``LET NOTHING disturb thee, nothing affright thee." This verse of the Spanish mystic Teresa of Avila pops into your mind as you stare out at the ocean horizon. In the tranquility of an August afternoon at the beach, the hatch to the attic of free association blows open. You welcome the saint's benign expression as a contented sigh of the unconscious. Unfortunately, the next line of Teresa's classic exhortation trails along. ``All things are passing," she adds, as if universal transience is not itself the primal source of disturbance and fright.
``Let nothing disturb thee, nothing affright thee. All things are passing."
You work to get this straight. Be not afraid because nothing lasts. But what are you afraid of if not that? Alas, the ocean's edge is not the place for such a rumination. Wave after wave slides up the sandy slope toward your chair, each wave its own masterpiece of shape and dynamism. The incoming water sparks perceptions of the fluid perfection of the cresting action. Some distant current of wind or tide pushed through the sea for hundreds of miles -- thousands? -- only to break upon the sand at your feet. The wave as such ceases to exist, but its energy thrives, withdrawing into its own reversal. Now the gathered momentum will push back to some opposite shore, where another wave will crest and break, and another ruminator will mark the magnificent insignificance of all things passing.
Or is this awareness precisely what you come to the beach in search of? There is an inevitable hypnosis in watching the waves arrive and depart, and, equally inevitable, there is a confrontation with the fact that this flowing and ebbing goes on with sublime indifference to your every measure of time or meaning. How long has this been going on? And what could ever stop it? Normal notions of past and future simply do not apply at the water's edge, which makes your prevailing obsession with yesterday and tomorrow seem petty, all at once. The present is your only absolute, but the radical transience of the waves makes you see that the present, too, is an act of your imagination. The boundlessness of the ocean is a sacrament of timelessness.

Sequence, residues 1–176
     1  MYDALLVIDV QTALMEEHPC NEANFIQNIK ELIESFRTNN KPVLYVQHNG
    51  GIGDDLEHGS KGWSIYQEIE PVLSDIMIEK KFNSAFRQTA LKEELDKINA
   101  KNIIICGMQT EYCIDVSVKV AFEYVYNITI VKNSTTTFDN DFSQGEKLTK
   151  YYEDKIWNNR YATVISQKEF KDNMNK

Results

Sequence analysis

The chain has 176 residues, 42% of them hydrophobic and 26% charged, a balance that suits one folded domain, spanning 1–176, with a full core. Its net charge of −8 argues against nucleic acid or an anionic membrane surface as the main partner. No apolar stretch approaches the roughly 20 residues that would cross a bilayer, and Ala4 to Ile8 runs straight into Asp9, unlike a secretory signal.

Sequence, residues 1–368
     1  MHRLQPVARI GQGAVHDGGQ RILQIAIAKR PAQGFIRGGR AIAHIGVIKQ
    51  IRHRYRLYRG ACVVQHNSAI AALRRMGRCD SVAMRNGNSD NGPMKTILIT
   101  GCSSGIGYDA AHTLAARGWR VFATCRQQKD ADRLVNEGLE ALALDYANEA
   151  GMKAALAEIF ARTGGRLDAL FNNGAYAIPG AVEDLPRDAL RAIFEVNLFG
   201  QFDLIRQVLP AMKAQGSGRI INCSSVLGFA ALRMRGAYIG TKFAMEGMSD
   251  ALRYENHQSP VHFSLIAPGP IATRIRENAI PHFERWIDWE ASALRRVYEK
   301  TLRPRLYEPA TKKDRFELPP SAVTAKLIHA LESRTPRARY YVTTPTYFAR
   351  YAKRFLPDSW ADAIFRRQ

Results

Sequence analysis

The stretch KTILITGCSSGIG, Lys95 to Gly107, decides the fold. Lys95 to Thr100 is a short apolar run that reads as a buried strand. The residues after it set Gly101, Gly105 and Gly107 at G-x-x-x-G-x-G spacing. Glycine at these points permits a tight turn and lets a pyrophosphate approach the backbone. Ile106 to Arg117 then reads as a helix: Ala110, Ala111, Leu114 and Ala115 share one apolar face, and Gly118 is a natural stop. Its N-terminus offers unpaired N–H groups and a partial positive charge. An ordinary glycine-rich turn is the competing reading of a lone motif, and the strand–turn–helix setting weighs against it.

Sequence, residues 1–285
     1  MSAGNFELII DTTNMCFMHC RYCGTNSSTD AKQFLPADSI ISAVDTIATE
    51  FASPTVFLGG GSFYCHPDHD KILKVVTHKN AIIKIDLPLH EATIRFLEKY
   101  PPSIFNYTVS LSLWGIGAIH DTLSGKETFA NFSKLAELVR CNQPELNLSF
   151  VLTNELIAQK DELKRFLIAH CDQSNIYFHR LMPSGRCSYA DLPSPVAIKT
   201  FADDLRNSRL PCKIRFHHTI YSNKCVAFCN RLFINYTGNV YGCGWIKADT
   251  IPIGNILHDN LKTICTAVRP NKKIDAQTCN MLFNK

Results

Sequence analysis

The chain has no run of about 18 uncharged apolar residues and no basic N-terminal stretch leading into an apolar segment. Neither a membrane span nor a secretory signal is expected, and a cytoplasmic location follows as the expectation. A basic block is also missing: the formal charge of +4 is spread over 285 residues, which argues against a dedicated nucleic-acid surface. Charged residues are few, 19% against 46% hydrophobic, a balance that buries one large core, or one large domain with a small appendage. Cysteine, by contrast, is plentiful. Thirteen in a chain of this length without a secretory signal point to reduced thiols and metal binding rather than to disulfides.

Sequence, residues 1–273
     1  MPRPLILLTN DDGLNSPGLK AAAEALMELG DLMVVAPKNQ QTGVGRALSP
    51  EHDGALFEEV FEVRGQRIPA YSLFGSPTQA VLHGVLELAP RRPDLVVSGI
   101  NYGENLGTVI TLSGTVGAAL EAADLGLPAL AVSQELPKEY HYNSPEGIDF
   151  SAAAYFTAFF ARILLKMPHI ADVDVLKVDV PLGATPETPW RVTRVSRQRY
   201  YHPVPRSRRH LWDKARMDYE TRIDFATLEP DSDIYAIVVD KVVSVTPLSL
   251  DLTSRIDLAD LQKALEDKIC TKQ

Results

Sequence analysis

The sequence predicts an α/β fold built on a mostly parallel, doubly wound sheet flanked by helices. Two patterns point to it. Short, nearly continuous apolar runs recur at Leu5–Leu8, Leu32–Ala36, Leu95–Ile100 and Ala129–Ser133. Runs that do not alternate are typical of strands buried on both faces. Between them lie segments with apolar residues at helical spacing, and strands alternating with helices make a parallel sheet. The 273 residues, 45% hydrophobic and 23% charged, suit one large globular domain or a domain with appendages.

``Let nothing disturb thee, nothing affright thee." In urging calm upon you, St. Teresa knows that you are disturbed and afraid. Indeed, her words of reassurance are themselves an acknowledgment of your unsettled state. But then comes her stark declaration that what you thought was the problem -- ``All things are passing" -- is the solution. A sense of the transience of time is a liberation from it, just as perceptions of the infinite reach of the ocean offer release from the normal constraints of walls and borders. Why else does your gaze here at the beach constantly shift from the waves just beyond your feet to the unbroken horizon? Your free association takes you suddenly to Freud -- and why not, since he defined it? But didn't he define this state of being, too? ``Oceanic feeling" -- the swollen cavity inside your breast; the hollow lump in your throat; infinity transformed from an ultimate abstraction to this intense emotion; the abyss within; the certain knowledge that you were made for more than the sum of your days. You were made for this.
Human beings are the creatures who cluster together at the beach in the summer, sitting in their sand-collecting nylon slings, under their riotous umbrellas, in their unbecoming bathing suits, close enough to one another to catch the aroma of a stranger's sunblock. The cluster is half the point, which is why humans like, on arriving, to find the parking lot mostly full. Normal rules of personal space are suspended at the beach. And you -- why do you love being in this crowd if not for contemplation that is also communal? At the ocean's edge, watching the waves and staring out at the horizon, you have the most intensely private sensation of all, becoming the ocean. But the sensation is the more precious for being shared.
In truth, despite St. Teresa, you are disturbed and affrighted always. How could you be otherwise, the world being what it is? But even if the world were as you wish -- peace, justice, healthy planet, well-fed children -- there would still be the threat of time. The passing of all that you love. That all things are passing -- for this knowledge you come to the ocean -- is why you love them.
James Carroll's column appears regularly in the Globe. His most recent book is "Crusade: Chronicles of an Unjust War."
© 2006 Boston Globe